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Matrinez v. Silverline

SUPERIOR COURT OF NEW JERSEY APPELLATE DIVISION


June 9, 2003

YOLANDA MARTINEZ, APPELLANT,
v.
SILVERLINE, RESPONDENT.

Before Judges Skillman, Cuff and Lefelt. On appeal from New Jersey Department of Labor, Division of Workers' Compensation.

The opinion of the court was delivered by: Skillman, P.J.A.D.

NOT FOR PUBLICATION WITHOUT THE APPROVAL OF THE APPELLATE DIVISION

Argued May 6, 2003

The issue presented by this appeal is whether a worker who has all five fingers amputated in an industrial accident is entitled to the additional workers' compensation benefits provided under N.J.S.A. 34:15-12(c)(21) for amputation of a"hand." We conclude that the Workers' Compensation Act treats the amputation of all five fingers on a hand as equivalent to amputation of the hand and therefore petitioner is entitled to this additional benefit.

Petitioner was using a circular saw to cut a piece of aluminum during the course of her employment with respondent Silverline, when the glove on her right hand became caught in the saw. As a result, all five fingers on her right hand were amputated at the proximal interphalangeal joint, which is the joint nearest the hand. The doctors who attended petitioner attempted to reattach her fingers but were unsuccessful.

Petitioner filed a claim for workers' compensation benefits. The parties entered into a settlement agreement under which petitioner was awarded the costs of her medical treatment and temporary disability benefits. The parties also agreed that petitioner was entitled to 15% partial, permanent disability for psychiatric disability and 100% partial, permanent disability for loss of her right hand, which totaled 335 weeks of partial, permanent benefits. However, they were unable to reach agreement concerning petitioner's entitlement to the 30%"amputation bonus" for loss of a hand provided by N.J.S.A. 34:15-12(c)(21). Consequently, the parties submitted the issue of petitioner's entitlement to this additional benefit to a judge of compensation for decision. The judge concluded that because"the loss of fingers is not specifically mentioned in [N.J.S.A. 34:15-12(c)(21)]," petitioner was not entitled to an amputation bonus.

N.J.S.A. 34:15-12(c)(21) provides in pertinent part:

Amputation between the elbow and the wrist shall be considered as the equivalent of the loss of a hand and amputation at the elbow shall be considered equivalent to the loss of the arm. Amputation between the knee and ankle shall be considered as the equivalent of the loss of a foot, and amputation at the knee shall be considered equivalent to the loss of the leg. An additional amount of 30% of the amputation award shall be added to that award to compute the total award made in amputations of body members, provided, however, that this additional amount shall not be subject to legal fees. (Emphasis added.)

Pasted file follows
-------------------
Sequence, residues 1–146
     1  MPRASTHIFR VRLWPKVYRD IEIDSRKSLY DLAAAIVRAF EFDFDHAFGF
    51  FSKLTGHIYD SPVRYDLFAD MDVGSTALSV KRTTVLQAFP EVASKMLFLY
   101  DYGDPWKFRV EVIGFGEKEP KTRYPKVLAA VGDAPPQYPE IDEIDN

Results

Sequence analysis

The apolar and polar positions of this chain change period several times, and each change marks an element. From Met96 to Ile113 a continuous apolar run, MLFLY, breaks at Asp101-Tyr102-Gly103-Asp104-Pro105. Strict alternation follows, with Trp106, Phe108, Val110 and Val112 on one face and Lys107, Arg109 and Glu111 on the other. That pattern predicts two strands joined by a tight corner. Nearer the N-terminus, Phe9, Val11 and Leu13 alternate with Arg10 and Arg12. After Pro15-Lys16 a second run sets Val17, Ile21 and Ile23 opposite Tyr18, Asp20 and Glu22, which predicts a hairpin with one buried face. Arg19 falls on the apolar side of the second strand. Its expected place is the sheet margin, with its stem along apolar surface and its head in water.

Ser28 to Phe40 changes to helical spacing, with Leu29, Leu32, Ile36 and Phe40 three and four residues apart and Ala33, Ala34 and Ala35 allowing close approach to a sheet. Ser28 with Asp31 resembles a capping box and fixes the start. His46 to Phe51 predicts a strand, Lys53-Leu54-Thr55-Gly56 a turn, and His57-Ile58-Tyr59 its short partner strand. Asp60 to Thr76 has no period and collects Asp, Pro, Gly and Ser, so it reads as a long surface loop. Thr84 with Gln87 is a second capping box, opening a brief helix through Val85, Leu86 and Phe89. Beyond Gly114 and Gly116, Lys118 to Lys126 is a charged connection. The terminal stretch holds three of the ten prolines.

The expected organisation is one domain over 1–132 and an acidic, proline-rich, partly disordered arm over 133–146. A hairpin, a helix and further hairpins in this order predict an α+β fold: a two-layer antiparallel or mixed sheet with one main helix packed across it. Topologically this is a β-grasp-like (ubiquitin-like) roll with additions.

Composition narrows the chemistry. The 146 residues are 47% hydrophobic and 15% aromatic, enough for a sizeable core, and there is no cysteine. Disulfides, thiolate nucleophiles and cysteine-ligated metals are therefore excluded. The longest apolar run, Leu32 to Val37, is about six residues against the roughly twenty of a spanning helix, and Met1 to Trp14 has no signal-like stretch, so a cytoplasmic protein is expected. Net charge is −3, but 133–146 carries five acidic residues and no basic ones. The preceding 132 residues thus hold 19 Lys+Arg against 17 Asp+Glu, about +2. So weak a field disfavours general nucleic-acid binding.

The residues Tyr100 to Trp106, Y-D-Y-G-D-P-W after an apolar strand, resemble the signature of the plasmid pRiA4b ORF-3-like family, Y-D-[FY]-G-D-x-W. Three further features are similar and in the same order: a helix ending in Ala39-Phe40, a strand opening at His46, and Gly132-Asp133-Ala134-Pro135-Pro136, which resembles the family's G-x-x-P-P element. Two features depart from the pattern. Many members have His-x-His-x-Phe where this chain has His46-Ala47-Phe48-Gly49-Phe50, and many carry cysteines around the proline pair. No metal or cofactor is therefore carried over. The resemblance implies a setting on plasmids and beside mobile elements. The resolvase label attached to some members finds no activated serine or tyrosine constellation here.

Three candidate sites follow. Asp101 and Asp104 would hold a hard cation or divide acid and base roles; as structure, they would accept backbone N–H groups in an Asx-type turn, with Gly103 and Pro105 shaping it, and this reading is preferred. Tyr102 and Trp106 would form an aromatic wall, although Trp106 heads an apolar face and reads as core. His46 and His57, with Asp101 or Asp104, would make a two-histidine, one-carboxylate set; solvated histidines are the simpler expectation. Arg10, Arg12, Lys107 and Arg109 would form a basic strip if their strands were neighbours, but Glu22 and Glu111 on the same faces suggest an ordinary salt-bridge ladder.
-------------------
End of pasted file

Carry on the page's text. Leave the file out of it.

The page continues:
The final sentence of N.J.S.A. 34:15-12(c)(21), providing for the amputation bonus at issue in this appeal, was added to this subsection as part of a comprehensive package of amendments to the Workers' Compensation Act (the Act), N.J.S.A. 34:15-1 to -142, enacted in 1980, L. 1979, c. 283.*fn1 According to the Sponsor's Statement, the primary purpose of these amendments was to"make available additional dollars for benefits to seriously disabled workers while clarifying and tightening awards of compensation benefits based upon insignificant permanent partial disabilities." Sponsor's Statement to S. 802 of 1979.

In Trinter v. Esmar Div., 186 N.J. Super. 316 (App. Div. 1982), we held that entitlement to the amputation bonus provided by N.J.S.A. 34:15-12(c)(21) is limited to the amputation of a hand, arm, foot or leg and therefore cannot be claimed by a worker who has a finger amputated. We concluded that even though the term"body member" used in the final sentence of N.J.S.A. 34:15-12(c)(21) ordinarily would include a finger,"reading § 12(c) as a whole in conjunction with the available legislative history requires a construction that the term as used in § 21 is only meant to refer to hands, arms, feet and legs." Id. at 318. In reaching this conclusion, we considered it significant that the provision for an amputation bonus was added to a subsection of N.J.S.A. 34:15-12(c) which deals exclusively with amputations of the hand, arm, foot and leg:

Given the paragraph structure of § 12(c) and the division of topics among those paragraphs, the logical conclusion is that if the added sentence was to apply to body members other than hands, arms, feet and legs (the members treated in the first sentence of paragraph (21)), it would have been set off in a numbered paragraph of its own. [Id. at 319-20.]

We also noted that this construction of N.J.S.A. 34:15-12(c)(21) was consistent with the general intent of the 1980 amendments to provide increased benefits only to the most seriously injured workers:

[T]he number of weeks of compensation to be paid for amputation of a thumb, finger or toe was not changed by the 1980 amendments. N.J.S.A. 34:15-12(c)(1) to (7). The number of weeks of compensation to be paid for loss of a hand, arm, foot or leg, however, was increased by the 1980 amendments. This comports with the expressed intent of the Legislature to make increased awards to"more seriously injured workers." [Id. at 320-21.]

Although it is clear under Trinter that petitioner would not be entitled to an amputation bonus if her accident had resulted in the amputation of only one of her fingers, N.J.S.A. 34:15-12(c)(8) provides for an award of the same partial, permanent benefits for amputation of a"thumb and first and second fingers... or four fingers" as for a hand. N.J.S.A. 34:15-12(c)(1) to (11) establishes the following schedule for partial, permanent disability benefits for"lost members":

Number of Weeks'

Lost Member Compensation

1. Thumb..................... 75

2. First finger (commonly Called index finger).. 50

3. Second Finger................. 40

4. Third finger.................. 30

5. Fourth Finger (commonly called little finger). 20

6. Great toe................... 40

7. Toe, other than a great toe.......... 15

8. Hand, or thumb and first and second fingers (on one hand) or four fingers (on one hand).. 245